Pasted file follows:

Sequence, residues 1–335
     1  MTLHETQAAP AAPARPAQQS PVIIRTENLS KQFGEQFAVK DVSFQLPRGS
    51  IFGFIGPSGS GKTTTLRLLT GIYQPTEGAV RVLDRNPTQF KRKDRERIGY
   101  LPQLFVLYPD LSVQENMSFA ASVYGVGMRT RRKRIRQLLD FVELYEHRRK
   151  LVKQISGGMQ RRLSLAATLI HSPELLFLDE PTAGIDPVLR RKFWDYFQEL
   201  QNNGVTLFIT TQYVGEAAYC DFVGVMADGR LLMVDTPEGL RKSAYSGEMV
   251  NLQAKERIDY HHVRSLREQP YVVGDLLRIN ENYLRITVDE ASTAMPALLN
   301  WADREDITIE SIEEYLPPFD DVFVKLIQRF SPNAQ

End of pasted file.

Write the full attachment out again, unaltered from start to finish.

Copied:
Sequence, residues 1–335
     1  MTLHETQAAP AAPARPAQQS PVIIRTENLS KQFGEQFAVK DVSFQLPRGS
    51  IFGFIGPSGS GKTTTLRLLT GIYQPTEGAV RVLDRNPTQF KRKDRERIGY
   101  LPQLFVLYPD LSVQENMSFA ASVYGVGMRT RRKRIRQLLD FVELYEHRRK
   151  LVKQISGGMQ RRLSLAATLI HSPELLFLDE PTAGIDPVLR RKFWDYFQEL
   201  QNNGVTLFIT TQYVGEAAYC DFVGVMADGR LLMVDTPEGL RKSAYSGEMV
   251  NLQAKERIDY HHVRSLREQP YVVGDLLRIN ENYLRITVDE ASTAMPALLN
   301  WADREDITIE SIEEYLPPFD DVFVKLIQRF SPNAQ